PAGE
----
Astronomy Picture of the Day
March 28, 2014

Features of Tartarus Colles
Features of Tartarus Colles

Credits: NASA/JPL/Arizona State University (ASU) - Credits for the additional process. and color.: Dr Paolo C. Fienga/Lunar Explorer Italia/IPF

In this VIS image, taken by the NASA - Mars Odyssey Orbiter on January, 30th, 2014, and during its 53.811th orbit around the Red Planet, we can see a small portion of the Tartarus Colles Region. Several of the Hills and Knobs visible here show Dark Slope Streaks on their sides, which Planetary Scientists believe that they have formed by (relatively) small events of "Downslope Removal of Dust" (---> Dustslides): a phenomenon (probably caused by the continuous - or even sudden - action of very strong Winds, and/or by Gravity Wasting) that allowed the darker Rock existing beneath the Dust to reveal itself.


Another possibility, however, is that the Dark Slope Streaks could be the evidence of another - and very interesting and intriguing - phenomenon, known as "Seepage" (such as the slow escape of a Liquid - which would be Water, in this case - through porous material or small holes located on the Flanks of the Hills and Knobs).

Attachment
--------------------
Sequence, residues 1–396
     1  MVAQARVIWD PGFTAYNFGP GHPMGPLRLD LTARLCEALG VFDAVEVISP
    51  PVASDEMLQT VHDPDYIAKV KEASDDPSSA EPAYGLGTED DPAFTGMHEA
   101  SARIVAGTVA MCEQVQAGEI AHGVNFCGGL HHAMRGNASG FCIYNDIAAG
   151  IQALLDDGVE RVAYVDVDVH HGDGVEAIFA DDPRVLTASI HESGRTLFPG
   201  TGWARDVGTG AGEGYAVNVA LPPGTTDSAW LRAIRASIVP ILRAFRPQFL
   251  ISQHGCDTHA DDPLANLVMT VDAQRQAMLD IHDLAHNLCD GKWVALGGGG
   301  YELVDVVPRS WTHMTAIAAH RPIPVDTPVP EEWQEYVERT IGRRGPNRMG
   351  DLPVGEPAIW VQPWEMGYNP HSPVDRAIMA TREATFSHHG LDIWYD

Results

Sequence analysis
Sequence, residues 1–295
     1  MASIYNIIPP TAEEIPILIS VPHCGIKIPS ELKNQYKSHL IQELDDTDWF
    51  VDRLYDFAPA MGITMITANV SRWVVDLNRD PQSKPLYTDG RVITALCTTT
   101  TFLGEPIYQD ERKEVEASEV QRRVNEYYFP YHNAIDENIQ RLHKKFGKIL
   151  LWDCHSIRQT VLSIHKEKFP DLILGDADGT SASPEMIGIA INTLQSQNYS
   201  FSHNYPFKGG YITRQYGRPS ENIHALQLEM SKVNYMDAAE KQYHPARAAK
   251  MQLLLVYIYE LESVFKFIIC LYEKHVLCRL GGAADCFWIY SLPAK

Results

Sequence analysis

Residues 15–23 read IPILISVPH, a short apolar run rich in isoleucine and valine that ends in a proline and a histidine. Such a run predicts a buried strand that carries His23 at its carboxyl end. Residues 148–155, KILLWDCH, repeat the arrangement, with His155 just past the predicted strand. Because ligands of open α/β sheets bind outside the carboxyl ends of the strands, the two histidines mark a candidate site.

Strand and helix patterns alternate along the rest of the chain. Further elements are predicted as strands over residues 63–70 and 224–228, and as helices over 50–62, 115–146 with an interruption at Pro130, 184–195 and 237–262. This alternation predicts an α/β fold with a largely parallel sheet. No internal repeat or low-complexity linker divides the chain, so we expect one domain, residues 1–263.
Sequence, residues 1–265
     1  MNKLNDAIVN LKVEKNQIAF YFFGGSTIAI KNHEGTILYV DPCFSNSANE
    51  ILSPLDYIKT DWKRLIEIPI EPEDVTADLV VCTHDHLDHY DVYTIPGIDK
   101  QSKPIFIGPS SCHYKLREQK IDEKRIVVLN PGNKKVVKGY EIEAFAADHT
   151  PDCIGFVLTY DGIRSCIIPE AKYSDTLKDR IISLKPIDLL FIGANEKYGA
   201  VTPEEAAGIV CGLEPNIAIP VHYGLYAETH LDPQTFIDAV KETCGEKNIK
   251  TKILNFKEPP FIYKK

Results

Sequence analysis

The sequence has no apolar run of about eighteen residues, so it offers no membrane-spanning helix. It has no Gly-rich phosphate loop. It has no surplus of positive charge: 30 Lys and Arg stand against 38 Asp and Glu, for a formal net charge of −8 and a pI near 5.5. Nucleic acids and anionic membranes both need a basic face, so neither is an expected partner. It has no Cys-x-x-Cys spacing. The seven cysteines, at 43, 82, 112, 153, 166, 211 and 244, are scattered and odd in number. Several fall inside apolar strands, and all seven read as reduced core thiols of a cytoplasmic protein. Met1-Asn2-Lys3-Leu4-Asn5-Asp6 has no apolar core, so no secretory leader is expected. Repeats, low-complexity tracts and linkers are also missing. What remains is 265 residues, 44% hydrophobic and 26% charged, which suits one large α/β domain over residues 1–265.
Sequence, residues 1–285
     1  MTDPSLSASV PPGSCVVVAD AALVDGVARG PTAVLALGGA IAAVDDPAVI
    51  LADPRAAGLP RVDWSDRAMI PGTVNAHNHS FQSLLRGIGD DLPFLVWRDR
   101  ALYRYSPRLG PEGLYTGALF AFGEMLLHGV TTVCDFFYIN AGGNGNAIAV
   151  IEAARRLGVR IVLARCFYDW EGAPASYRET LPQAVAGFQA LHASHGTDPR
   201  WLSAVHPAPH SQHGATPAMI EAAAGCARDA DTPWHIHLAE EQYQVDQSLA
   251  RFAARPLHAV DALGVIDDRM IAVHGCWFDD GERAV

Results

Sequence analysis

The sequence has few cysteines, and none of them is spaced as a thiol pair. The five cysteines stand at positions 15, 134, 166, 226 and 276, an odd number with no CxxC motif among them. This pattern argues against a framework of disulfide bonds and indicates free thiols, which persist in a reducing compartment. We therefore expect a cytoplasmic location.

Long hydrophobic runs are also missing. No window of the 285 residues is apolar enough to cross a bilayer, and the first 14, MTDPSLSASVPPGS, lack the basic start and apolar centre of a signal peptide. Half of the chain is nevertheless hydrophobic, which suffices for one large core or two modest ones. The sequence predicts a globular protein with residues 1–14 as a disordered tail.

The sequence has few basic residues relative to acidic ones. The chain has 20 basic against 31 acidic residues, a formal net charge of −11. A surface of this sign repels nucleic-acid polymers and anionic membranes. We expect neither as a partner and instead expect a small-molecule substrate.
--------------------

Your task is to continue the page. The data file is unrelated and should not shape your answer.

Latitude (centered): 26,2606° North
Longitude (centered): 186,4210° East
Instrument: VIS


This image (which is an Original Mars Odyssey Orbiter b/w and Map-Projected frame published on the NASA - Planetary Photojournal with the ID n. PIA 18127) has been additionally processed, magnified to aid the visibility of the details, contrast enhanced, Gamma corrected and then colorized in Absolute Natural Colors (such as the colors that a human eye would actually perceive if someone were onboard the NASA - Mars Odyssey Orbiter and then looked down, towards the Surface of Mars), by using an original technique created - and, in time, dramatically improved - by the Lunar Explorer Italia Team.



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